Although statements to auditors and local regulators are not typically themselves actionable under the federal securities laws, the SEC used this misconduct to support its argument that Vale defrauded investors. First, it alleged that Vale described the stability declarations that it had obtained without also disclosing the circumstances in why it procured these certifications. Second, in pursuing its case, the SEC also used this misconduct to prove the company’s executives acted in bad faith. Consistent with this, the SEC emphasized Vale’s “deceptive conduct” in connection with the audit through the complaint.
In framing this case as about ESG misstatements, the SEC was able to note that Vale itself had highlighted dam safety as an important ESG issue. Undoubtedly, Vale’s own ESG characterization of its publications addressing dam safety made them a target for an enforcement analysis with an ESG lens. For example, in 2017, in the last Sustainability Report issued before the Brumadinho dam collapse, Vale identified “priority topics” in its “materiality matrix,” which included commitments concerning “health and safety of the workforce and of the community” and “management of social, environmental and economic impacts,” as well as “management of mineral waste” and “management of business and operational risks.” Vale publicly considered “sustainability” to include many aspects of its operations, including dam safety. 2017 Sustainability Report, pp. 11-12. Indeed, in the 2019 Sustainability Report, issued in the year after the dam collapse, Vale described the consequences of the dam collapse using ESG-type language, “the rupture...cannot be understood only in light of the survey of its impacts on the population and the environment. For the company, these situations impacted the human rights of the people affected, residents and local workers.” 2019 Sustainability Report, p. 14. Thus, Vale’s emphasis on ESG issues in its framing of its operations and goals apparently gave the SEC an opportunity to focus on “ESG disclosures” as part of its Climate and ESG Task Force enforcement initiative.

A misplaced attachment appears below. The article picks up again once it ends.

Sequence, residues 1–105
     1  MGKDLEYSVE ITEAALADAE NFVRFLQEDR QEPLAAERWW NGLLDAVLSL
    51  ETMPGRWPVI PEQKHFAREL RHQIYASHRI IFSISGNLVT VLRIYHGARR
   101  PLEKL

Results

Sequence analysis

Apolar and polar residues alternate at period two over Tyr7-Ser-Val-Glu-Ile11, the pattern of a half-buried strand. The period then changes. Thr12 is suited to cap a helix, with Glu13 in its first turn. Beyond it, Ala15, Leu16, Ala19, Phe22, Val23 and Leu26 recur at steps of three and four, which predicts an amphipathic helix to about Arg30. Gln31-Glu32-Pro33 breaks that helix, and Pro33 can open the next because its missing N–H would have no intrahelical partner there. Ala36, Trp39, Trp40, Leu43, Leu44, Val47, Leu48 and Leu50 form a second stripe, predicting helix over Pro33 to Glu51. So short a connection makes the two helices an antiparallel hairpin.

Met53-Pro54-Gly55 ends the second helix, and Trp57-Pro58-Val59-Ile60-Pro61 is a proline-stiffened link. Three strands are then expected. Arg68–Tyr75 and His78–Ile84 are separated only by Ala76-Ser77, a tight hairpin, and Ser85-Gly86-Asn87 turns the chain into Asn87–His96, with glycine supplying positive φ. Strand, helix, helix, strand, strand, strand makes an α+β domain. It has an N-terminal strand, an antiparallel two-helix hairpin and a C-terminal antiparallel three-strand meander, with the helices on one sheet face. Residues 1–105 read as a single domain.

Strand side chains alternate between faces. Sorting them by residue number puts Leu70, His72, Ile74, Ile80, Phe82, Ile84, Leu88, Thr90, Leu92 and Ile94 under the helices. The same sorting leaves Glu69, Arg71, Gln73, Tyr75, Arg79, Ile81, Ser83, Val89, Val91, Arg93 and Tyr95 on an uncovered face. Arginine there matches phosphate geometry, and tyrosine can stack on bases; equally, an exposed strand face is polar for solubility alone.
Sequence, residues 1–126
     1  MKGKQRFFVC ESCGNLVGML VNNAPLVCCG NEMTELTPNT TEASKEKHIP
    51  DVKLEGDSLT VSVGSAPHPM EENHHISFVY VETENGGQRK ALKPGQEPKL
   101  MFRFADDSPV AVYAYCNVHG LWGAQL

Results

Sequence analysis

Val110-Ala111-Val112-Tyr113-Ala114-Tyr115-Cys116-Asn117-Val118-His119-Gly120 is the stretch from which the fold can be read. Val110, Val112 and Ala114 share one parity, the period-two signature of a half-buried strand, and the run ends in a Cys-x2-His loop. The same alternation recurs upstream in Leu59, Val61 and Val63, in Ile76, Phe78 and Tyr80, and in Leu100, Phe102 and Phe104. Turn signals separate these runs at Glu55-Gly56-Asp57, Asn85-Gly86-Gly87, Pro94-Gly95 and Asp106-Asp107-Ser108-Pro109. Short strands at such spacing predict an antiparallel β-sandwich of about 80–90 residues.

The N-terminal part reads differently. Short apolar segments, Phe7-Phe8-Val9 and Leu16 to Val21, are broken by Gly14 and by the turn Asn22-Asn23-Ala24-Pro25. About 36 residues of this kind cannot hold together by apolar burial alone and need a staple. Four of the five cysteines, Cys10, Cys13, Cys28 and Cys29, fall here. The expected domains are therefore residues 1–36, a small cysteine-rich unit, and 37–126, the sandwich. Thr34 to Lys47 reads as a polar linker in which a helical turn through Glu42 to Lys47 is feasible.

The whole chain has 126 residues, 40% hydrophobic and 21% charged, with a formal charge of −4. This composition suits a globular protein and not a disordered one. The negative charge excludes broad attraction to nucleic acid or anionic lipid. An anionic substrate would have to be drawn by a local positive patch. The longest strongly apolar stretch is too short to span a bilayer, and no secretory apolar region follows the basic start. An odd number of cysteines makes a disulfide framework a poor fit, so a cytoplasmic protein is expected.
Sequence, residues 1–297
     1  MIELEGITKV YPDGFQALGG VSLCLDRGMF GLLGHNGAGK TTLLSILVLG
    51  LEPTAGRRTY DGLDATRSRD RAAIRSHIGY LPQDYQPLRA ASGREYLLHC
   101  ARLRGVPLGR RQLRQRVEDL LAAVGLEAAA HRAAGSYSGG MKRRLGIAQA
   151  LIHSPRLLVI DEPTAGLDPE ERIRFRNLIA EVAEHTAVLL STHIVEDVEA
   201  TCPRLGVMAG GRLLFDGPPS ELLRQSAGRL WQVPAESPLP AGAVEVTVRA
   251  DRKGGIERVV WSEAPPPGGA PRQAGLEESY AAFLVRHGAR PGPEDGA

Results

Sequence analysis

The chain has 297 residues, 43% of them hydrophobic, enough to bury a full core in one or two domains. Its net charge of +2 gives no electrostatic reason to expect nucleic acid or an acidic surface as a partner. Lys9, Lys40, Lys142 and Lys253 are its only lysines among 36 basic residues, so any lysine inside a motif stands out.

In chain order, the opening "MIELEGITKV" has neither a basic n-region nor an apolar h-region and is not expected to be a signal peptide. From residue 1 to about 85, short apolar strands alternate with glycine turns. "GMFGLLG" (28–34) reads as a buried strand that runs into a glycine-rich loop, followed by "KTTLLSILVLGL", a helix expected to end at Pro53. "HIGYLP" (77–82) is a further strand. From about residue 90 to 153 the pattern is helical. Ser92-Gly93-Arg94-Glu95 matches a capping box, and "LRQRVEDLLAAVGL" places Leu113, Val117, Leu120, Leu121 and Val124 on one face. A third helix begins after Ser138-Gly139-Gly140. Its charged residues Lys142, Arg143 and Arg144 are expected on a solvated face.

Potential Implications and Lesson Learned
The SEC emphasized that the case against Vale was part of its focus on ESG-related issues. In the press release announcing the filing of the action against Vale, Gurbir Grewal, the Director of the Enforcement Division, emphasized the SEC’s consistent theme that ESG statements are material to investors. Grewal said, “Many investors rely on ESG disclosures like those contained in Vale’s annual Sustainability Reports and other public filings to make informed investment decisions,” and he stated that the company’s misstatements “undermined investors’ ability to evaluate the risks posed by Vale’s securities.”
The SEC’s focus on ESG and climate issues has increased the importance of ensuring the accuracy of disclosures (and omissions) on those issues. Although the Vale case represents a unique set of facts, it provides an important reminder on importance of carefully vetting ESG-related disclosures. Such ESG disclosures should be considered not just a marketing initiative but should be scrutinized carefully for accuracy and proper caveats. In practice, this means that companies should ensure that it has backup for each statement made. In addition, companies should be mindful of how “worst case” scenarios or “black swan” events could impact their disclosures.
The case also highlights that the SEC will investigate a potential defendant’s interactions with regulators in evaluating fraud charges. If it finds evidence of misconduct, the SEC could cite it to prove intent to deceive or to allege that the lies to investors were designed to conceal misconduct.
This reinforces the importance of making sure communications with such regulators are carefully vetted. In the US, for example, companies often disclose information about their workplace safety and environmental operations. A serious workplace or environmental accident resulting in a material impact could lead to an SEC enforcement action led by its Climate and ESG Task Force, in addition to any fines, penalties, or damages resulting from the accident itself.
The Enforcement Division’s focus on ESG-related issues is likely to continue. As detailed above, the SEC’s action against Vale provides a roadmap for how they will approach these issues and this framework can help companies better prepare for this scrutiny.
Law Clerk Claudia M. Diaz-Carpio is a contributing author to this client alert.